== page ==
# Is it possible to take a numerical (integral) average of the dependent variable, within NDSolve, at each iteration?

tl;dr: want to integrate (average) the dependent variable within NDSolve.

I am currently trying to implement a basic diffusion-advection equation for a reactant, A. The species is converted between A and B, and the total amount is conserved. I am attempting to smooth local non-uniformities in B, which should always be uniformly distributed. My attempt is below, and includes a mathematically usual normalisation integral (see line (*****)). However, mathematica appears to 'ignore' this normalisation.

I know NDSolve builds interpolating functions, and initially assumed that at each iteration I would be able to average over the available interpolating data. However, I've tried reading further on the methods NDSolve uses and have concluded that NDSolve leaves the integral as symbolic, until at least the very end where the function is evaluated. I have also tried forcing a numerical integration by replacing the Integrate[] with a user defined NIntegrate function outside NDSolve (see commented out, line 4).

Is my reasoning correct? If so, is it possible to implement an average of this kind within NDSolve, as it is solving? And if not, is there either a solver that will do this, or a way to circumvent the difficulties whilst still using NDSolve (such as manually access the interpolation data and average it)? With regards to the latter I know you can access the interpolation data of the full solution.

total = 200;
L = 10;

(*fn[lm_]:=NIntegrate[lm,{x,-L/2,L/2}]*)

soln = NDSolve[{

D[A[x,t],{t,1}]== Plus[
0.005 D[A[x,t],{x,2}],
D[0.1 Exp[-0.5(x-0.5)^2] A[x,t],{x,1}],
0.1 B[x,t]-0.2 A[x,t]
],

B[x, t]==(total - Integrate[A[x,t], {x,-L/2,L/2}])/L (*****),

A[x,0] == 10,
B[x,0] == (total - Integrate[A[x,0], {x,-L/2,L/2}])/L,

A[-L/2,t] == A[L/2,t],
B[-L/2,t] == B[L/2,t]}, {A,B}, {x,-L/2,L/2}, {t,0,100}]

NIntegrate[Evaluate[(B[x, t]) /. soln /. t -> 0], {x, -5, 5}]
NIntegrate[Evaluate[(A[x, t]) /. soln /. t -> 0], {x, -5, 5}]

Table[Plot[Evaluate[A[x,t]/.soln/.t ->(i*100/10)], {x,-5,5},
AxesLabel->{"x", "t= " <> ToString[i*10]}], {i, 0, 10}]


Table[Plot[Evaluate[B[x, t] /. soln /. t -> (i*100/10)], {x, -5, 5},
AxesLabel -> {"x", "t= " <> ToString[i*10]}], {i, 0, 10}]


Desirable output: Though both plots make sense and uphold conservancy, if the average I wanted to implement was upheld, I would expect the B[x,t] plots (second down) to be constant along x, but with different values for different t.

Any kind of solution welcome, even if in the form of a known 'not possible'. Thanks.

• Maybe this can help. I don't have time to investigate. – andre314 Nov 24 '17 at 21:54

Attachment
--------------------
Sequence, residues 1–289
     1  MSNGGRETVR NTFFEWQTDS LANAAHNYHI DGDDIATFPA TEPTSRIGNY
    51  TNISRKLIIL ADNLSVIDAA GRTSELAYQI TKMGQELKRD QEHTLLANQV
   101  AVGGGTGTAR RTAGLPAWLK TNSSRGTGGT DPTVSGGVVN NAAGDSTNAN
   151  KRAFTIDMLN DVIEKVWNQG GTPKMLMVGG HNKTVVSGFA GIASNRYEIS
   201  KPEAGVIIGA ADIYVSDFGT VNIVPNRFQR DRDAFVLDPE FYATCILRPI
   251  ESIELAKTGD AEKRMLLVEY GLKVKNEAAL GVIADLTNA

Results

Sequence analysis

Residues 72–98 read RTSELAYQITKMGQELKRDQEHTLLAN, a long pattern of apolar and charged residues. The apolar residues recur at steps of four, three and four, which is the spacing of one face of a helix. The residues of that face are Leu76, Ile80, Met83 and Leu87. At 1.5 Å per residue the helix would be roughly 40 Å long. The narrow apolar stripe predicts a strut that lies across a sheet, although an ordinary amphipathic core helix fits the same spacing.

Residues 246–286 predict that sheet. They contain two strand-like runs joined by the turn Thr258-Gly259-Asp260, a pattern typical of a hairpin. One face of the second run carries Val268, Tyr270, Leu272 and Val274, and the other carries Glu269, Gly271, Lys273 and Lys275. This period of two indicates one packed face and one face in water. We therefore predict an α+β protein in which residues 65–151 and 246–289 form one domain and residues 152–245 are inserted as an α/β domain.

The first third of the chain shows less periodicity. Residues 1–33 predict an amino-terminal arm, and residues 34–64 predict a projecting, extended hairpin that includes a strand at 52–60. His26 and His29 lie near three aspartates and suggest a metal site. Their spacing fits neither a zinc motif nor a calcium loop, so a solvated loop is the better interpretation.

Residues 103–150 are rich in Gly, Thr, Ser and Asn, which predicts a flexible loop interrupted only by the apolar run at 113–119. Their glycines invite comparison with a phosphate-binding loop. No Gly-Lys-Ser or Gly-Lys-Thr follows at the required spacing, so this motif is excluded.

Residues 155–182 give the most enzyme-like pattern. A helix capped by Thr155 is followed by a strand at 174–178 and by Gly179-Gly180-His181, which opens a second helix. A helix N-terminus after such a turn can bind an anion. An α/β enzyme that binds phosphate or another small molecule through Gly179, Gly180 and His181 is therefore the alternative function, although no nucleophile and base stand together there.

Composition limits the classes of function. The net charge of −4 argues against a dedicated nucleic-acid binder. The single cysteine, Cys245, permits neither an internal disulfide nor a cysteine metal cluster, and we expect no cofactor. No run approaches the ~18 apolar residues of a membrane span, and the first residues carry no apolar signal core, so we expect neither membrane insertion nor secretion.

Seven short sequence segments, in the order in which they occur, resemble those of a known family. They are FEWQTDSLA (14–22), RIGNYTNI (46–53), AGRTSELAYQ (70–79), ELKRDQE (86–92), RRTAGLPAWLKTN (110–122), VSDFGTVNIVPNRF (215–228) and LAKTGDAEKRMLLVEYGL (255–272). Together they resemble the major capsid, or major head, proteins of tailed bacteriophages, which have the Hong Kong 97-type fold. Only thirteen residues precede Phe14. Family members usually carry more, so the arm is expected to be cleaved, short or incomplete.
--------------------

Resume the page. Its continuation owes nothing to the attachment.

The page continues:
What about working with iterations until error is small enough?

Define B, only depending on t.

B[t_?NumericQ] := (200 -
NIntegrate[A[z, t] /. First@ndsol, {z, -10/2, 10/2},
MaxRecursion -> 50])/10 ;


Solve for the first time with B[t]=0.

    ndsol = NDSolve[{Derivative[0, 1][A][x, t] ==
(-(1/5))*A[x, t] - ((-(1/2) + x)*A[x, t])/
(10*E^((1/2)*(-(1/2) + x)^2)) +
Derivative[1, 0][A][x, t]/
(10*E^((1/2)*(-(1/2) + x)^2)) +
(1/200)*Derivative[2, 0][A][x, t], A[x, 0] == 10,
A[-5, t] == A[5, t]}, A, {x, -(L/2), L/2},
{t, 0, 100}];


Iterate (here 15 times) with the B[t] from previous calculation until the difference of two successive calculations is small enough.

Do[ndsol2 = ndsol; ndsol = NDSolve[{Derivative[0, 1][A][x, t] ==
(-(1/5))*A[x, t] - ((1/10)*(-(1/2) + x)*A[x, t])/
E^((1/2)*(-(1/2) + x)^2) + (1/10)*B[t] +
((1/10)*Derivative[1, 0][A][x, t])/
E^((1/2)*(-(1/2) + x)^2) +
(1/200)*Derivative[2, 0][A][x, t], A[x, 0] == 10,
A[-5, t] == A[5, t]}, A, {x, -L/2, L/2}, {t, 0, 100}], {15}]


Plot the difference

Plot3D[(A[x, t] /. ndsol2) - (A[x, t] /. ndsol), {x, -L/2, L/2}, {t,
0, 100}, PlotRange -> All, ImageSize -> 300]


and plot the A[x,t]

Plot3D[(A[x, t] /. ndsol), {x, -L/2, L/2}, {t, 0, 100},
PlotRange -> All, ImageSize -> 300]


Plot the B[t]

Plot[B[t], {t, 0, 100}, PlotRange -> All, ImageSize -> 300]


Your problem can be solved with the method mentioned here, here and here. The idea is simple: NDSolve don't know how to disretize your system, so we do it ourselves. I'll use pdetoode for the disretization of the derivative term and Gaussian quadrature formula for the discretization of integral:

total = 200; L = 10; tend = 100;
points = 25;
difforder = 4;
domain = {-L/2, L/2};
{nodes, weights} = Most[NIntegrateGaussRuleData[points, MachinePrecision]];
midgrid = Rescale[nodes, {0, 1}, domain];

intrule = int -> -Subtract @@ domain weights.Map[Function[x, A[x][t]], midgrid];

grid = Flatten[{First@domain, midgrid, Last@domain}];

(*Definition of pdetoode isn't included in this post,
ptoofunc = pdetoode[A[x, t], t, grid, difforder, True];

eq = {D[A[x, t], {t, 1}] ==
Plus[0.005 D[A[x, t], {x, 2}], D[0.1 Exp[-0.5 (x - 0.5)^2] A[x, t], {x, 1}],
0.1 B[t] - 0.2 A[x, t]], B[t] == (total - int)/L };
ic = A[x, 0] == 10;
odeic = ptoofunc@ic;
ode = {ptoofunc@First@eq, Last@eq /. intrule};
sollst = NDSolveValue[{ode, odeic}, {A /@ grid, B}, {t, 0, tend}];
solA = rebuild[sollst[[1]], grid, 2]
solB = sollst[[2]]

ListLinePlot@solB
Plot3D[solA[x, t], {x, ##}, {t, 0, tend}, PlotRange -> All] & @@ domain
`

The results look the same as those in Akku14's answer so I'd like to omit them here.

Well, I admit this solution is a bit advanced, but it avoids iteration so it's quite fast.